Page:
Sunday, December 6, 2009

Movie with Abe: The Strip

The Strip
Directed by Jameel Khan
Released December 4, 2009

Going to a strip mall in real life is already a gamble. There’s a chance you won’t find what you’re looking for, and an even greater chance that you’ll spend far more than you had planned on stuff you really just didn’t need. You’re much better off, however, spending a whole month’s worth of paychecks at your local strip mall than taking a trip to this cinematic one, where you’ll find yourself even more bored out of your mind than you might on an aimless shopping trip.

“The Strip” isn’t a terribly accurate title for this film. It would be more correct to call it “The Off-Brand Electronics Store” since it only features the employees of one outlet on the strip, though that likely won’t sell as well, especially since many might confuse the current title for a “Showgirls” sequel and be keener to see it. A rivalry between the employees of different stores would have been a decent idea, because what happens here is that animosities and competitions have to be created between the five employees of one low-rent establishment, and there isn’t really much room, literally or figuratively, for anyone to go, and there are only so many times the same jokes can be repeated over and over. Never before has a small store seemed so suffocating.

“The Strip” has a lackluster premise to work with, one which can easily be defined as following the lives of five guys who work the same dead-end job together. It doesn’t do anything to rise above that, and therefore it’s entirely uninteresting. It’s almost impossible to locate a laugh, and there isn’t even any despicable gross-out humor to try to elicit some sort of positive response from audiences. The worst part is that characters are given unappealing traits and engage in what writer-director Jameel Khan seems to mistakenly believe is hilarious, over-the-top, gross-out humor when it’s really anything but that. It’s immature, but not raunchy enough by a long stretch to be effective.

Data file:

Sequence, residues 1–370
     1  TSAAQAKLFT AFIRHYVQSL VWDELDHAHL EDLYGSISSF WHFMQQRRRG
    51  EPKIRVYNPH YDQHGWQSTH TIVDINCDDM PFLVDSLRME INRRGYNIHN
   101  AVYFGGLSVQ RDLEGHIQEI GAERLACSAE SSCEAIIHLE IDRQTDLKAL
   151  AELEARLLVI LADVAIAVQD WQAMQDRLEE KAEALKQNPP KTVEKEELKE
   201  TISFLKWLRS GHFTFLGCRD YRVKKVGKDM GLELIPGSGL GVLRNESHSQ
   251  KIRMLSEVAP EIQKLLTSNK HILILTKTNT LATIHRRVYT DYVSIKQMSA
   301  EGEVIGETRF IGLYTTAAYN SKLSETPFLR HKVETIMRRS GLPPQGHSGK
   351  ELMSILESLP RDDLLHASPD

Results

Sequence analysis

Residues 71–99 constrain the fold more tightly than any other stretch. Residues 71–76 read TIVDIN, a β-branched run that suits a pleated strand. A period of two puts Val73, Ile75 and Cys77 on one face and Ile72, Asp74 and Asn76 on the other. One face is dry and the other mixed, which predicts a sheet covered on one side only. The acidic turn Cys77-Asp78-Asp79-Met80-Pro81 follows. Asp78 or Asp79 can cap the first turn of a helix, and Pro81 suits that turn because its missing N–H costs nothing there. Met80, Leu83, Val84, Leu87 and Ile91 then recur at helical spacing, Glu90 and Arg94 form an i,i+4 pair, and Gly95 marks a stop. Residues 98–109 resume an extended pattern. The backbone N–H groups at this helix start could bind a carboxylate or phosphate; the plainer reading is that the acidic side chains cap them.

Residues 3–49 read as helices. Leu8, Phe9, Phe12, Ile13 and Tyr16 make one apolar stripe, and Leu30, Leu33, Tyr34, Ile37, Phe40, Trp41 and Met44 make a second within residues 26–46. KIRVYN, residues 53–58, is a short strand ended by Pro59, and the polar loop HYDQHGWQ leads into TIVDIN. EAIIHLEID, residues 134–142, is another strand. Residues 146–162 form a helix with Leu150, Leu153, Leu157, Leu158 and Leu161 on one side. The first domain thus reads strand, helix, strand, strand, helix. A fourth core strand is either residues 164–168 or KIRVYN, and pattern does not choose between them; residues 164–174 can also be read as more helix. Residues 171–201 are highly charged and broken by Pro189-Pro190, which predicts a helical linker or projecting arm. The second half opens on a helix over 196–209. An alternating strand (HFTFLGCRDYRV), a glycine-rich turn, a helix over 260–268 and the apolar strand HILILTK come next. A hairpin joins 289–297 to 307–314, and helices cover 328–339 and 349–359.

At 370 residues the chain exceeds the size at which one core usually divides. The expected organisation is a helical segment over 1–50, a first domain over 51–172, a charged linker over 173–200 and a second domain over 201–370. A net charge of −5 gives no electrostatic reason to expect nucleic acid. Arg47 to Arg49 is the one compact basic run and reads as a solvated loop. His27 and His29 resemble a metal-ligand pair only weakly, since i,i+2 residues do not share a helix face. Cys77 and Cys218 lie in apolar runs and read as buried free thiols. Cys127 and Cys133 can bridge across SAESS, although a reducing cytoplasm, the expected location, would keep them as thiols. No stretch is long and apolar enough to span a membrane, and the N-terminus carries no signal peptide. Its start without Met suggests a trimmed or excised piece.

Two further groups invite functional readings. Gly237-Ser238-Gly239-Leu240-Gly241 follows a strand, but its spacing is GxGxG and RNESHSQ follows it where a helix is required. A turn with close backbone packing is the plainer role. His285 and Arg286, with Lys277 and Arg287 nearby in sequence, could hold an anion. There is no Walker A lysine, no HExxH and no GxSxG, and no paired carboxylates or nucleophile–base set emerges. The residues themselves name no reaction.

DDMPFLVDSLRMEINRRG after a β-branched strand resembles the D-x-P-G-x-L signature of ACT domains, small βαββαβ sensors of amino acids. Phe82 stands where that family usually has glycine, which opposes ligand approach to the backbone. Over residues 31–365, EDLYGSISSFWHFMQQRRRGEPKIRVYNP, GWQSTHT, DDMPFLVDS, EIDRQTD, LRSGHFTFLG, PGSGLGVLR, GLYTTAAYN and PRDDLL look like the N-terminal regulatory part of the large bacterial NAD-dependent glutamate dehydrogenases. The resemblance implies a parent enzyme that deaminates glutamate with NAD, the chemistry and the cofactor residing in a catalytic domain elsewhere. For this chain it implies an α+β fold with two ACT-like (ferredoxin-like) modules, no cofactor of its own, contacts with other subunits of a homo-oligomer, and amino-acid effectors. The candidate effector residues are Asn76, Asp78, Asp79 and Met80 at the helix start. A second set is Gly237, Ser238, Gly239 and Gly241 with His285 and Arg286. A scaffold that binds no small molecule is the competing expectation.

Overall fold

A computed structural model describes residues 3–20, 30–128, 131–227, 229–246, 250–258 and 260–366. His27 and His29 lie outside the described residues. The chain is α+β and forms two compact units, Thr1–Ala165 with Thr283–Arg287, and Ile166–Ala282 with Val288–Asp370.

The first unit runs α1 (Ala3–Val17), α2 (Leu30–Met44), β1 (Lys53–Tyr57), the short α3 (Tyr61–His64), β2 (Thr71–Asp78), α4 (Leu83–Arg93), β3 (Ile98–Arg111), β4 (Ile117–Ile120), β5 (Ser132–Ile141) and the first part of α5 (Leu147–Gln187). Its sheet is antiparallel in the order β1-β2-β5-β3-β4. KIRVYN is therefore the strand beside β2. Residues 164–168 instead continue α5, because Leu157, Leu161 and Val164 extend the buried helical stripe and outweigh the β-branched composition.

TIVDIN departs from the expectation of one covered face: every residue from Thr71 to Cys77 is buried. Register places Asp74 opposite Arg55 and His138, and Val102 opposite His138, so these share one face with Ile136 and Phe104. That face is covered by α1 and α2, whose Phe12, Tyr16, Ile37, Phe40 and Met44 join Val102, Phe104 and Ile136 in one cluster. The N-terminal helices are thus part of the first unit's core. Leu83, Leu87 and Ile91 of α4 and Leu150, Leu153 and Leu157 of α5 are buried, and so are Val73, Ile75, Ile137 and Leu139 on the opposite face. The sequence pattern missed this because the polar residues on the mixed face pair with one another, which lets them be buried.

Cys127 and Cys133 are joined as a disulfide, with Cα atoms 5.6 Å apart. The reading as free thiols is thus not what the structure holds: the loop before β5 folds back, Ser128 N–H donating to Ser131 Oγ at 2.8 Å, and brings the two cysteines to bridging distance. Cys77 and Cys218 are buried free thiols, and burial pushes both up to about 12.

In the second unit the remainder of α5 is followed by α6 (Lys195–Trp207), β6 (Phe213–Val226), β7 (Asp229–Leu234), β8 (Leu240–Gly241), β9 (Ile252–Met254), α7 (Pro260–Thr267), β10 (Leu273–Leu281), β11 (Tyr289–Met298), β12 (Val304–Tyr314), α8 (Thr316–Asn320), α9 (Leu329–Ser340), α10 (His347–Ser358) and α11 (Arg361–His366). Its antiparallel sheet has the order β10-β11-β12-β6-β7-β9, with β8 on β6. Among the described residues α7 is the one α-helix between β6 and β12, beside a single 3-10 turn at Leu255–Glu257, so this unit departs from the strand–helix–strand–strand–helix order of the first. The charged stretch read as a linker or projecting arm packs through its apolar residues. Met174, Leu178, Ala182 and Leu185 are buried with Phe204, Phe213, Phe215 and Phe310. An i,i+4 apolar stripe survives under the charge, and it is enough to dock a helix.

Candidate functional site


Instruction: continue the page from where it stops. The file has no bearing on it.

To counteract its supposedly depraved characters, like a wannabe actor and a homeless screwup, “The Strip” focuses on two nice guys as its protagonists. They may not be as dumb and destined for nothing as the others, but they’re equally boring as characters. Dave Foley is Glenn, the kind-hearted boss who strives to motivate his employees to pour their hearts into their low-rent jobs. Glenn is too giddy and excitable for his own good, and having a boss who actually encourages productivity and doesn’t do anything remotely obnoxious to try to make sure it gets done isn’t interesting. Rodney Scott is Kyle, the son of the store’s owner who acknowledges that this is not the life he wants to lead and contemplates doing something about it. Kyle’s story of a search for redemption and change doesn’t belong in this aimless film. The one intelligent character trying to escape this life would be better off escaping the movie. There’s absolutely nothing worth buying on this strip, so consider shopping somewhere else.


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